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​How the horsemeat scandal transformed our supply chain

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Published: 9 Aug 2016

Malcolm Fisher, divisional quality manager at Travis Perkins, describes how the lack of transparency in the food industry helped his team to reconsider its approach to product compliance.

In 2013 the horsemeat scandal shook the food industry to its core, highlighting issues about product quality versus product costs and the lack of transparency in the food supply chain.

Although Travis Perkins works in the building and construction industry, not in the food industry, the scandal enforced the feeling that we cannot afford to be complacent and we decided to review our processes.

My team began to analyse what could go wrong and what additional action could be taken to make sure we continue to remain diligent on product compliance.

An innovative approach

The initial challenge we came across was the large range of 16,000 building and construction products within Travis Perkins. We found testing all the products entering the business would be impractical. Instead we decided to take the approach of raising awareness within the supply chain and working with suppliers on common objectives.

The first step was to create a category product listing to group similar products together and use this to think about what regulations and
standards we need to comply with, as well as any possible risks that could occur.

The next step was to engage the support of Northamptonshire Trading Standards Service as part of the Primary Authority Partnership and Intertek Testing Services, we needed to collaborate and use their experience to continually review and update any risks based on current knowledge.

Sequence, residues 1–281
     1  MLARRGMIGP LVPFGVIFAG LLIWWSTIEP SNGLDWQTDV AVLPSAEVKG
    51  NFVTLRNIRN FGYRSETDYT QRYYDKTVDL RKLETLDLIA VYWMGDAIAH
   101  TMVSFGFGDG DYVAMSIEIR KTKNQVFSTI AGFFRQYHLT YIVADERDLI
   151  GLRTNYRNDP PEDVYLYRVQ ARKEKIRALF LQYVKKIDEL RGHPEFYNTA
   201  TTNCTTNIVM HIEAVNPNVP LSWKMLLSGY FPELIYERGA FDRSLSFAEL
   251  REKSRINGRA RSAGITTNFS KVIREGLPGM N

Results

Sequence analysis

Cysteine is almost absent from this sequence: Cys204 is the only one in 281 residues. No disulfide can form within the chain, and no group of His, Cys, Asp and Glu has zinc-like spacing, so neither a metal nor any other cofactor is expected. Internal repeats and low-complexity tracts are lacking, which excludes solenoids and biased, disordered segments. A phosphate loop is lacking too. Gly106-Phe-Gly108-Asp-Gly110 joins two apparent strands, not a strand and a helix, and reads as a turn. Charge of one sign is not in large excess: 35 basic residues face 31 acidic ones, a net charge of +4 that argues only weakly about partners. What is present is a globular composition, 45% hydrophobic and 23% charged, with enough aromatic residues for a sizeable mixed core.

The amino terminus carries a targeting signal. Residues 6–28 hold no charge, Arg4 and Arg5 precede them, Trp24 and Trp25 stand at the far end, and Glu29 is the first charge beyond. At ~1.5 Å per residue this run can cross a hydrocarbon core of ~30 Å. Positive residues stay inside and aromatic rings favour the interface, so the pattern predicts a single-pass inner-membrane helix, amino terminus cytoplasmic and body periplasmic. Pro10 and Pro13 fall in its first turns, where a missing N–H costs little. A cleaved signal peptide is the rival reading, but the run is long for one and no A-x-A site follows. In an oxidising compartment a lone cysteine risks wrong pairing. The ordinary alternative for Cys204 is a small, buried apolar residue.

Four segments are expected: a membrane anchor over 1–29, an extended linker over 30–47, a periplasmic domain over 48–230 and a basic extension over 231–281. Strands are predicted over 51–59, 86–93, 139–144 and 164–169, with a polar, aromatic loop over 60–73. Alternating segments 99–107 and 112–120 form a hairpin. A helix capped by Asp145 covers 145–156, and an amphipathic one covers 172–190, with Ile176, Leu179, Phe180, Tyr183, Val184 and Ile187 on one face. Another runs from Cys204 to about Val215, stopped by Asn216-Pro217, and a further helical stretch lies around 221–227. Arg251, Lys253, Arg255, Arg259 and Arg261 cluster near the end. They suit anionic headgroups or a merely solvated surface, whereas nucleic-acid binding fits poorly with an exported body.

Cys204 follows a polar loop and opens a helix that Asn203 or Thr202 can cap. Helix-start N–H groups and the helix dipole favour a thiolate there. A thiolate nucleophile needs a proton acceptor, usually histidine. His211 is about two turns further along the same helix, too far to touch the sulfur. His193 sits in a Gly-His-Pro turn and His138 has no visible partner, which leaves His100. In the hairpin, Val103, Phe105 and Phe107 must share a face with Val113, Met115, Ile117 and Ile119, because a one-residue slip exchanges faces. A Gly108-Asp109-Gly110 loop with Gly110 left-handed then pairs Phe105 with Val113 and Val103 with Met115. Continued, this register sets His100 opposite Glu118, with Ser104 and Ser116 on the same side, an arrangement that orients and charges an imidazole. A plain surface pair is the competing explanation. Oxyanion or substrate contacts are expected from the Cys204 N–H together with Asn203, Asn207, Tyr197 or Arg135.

For example, Chromium IV in leather gloves, used as part of the tannery process, and plasticisers, used in soft grip plastics, both of which are restricted but have the potential to be found in imported products from outside the EU.

Our plan was then communicated to all listed suppliers. The challenge was explaining it was still their responsibility to ensure products are specified and tested for compliance to all appropriate regulations and standards and should be appropriately CE marked as required.

Exceeding expectations

It was vital to treat the additional surveillance review and testing as a way of working more collaboratively with our suppliers, as supply chain transparency is key in preventing any form of scandal. The response has been excellent and suppliers are fully engaged in the programme.

The surveillance testing programme was implemented in October 2015 and I’m really pleased with the results we have seen from the products sampled and tested so far. The level of compliance is very high with no critical failures.

This is an excellent start, not just for gaining assurance that products entering the business are compliant but for raising the profile of quality within Travis Perkins.

So far we have gained positive feedback from a variety of suppliers and internal stakeholders including the commercial teams.

It would be all too easy to relax the testing based on the results but the plan is to continue to use the process to demonstrate Travis Perkins is committed to raise awareness on product compliance and will always have an open-book policy when dealing with the enforcement authorities.

Malcolm Fisher is divisional quality manager – P&H at Travis Perkins.

Travis Perkins is a CQI Corporate Partner.

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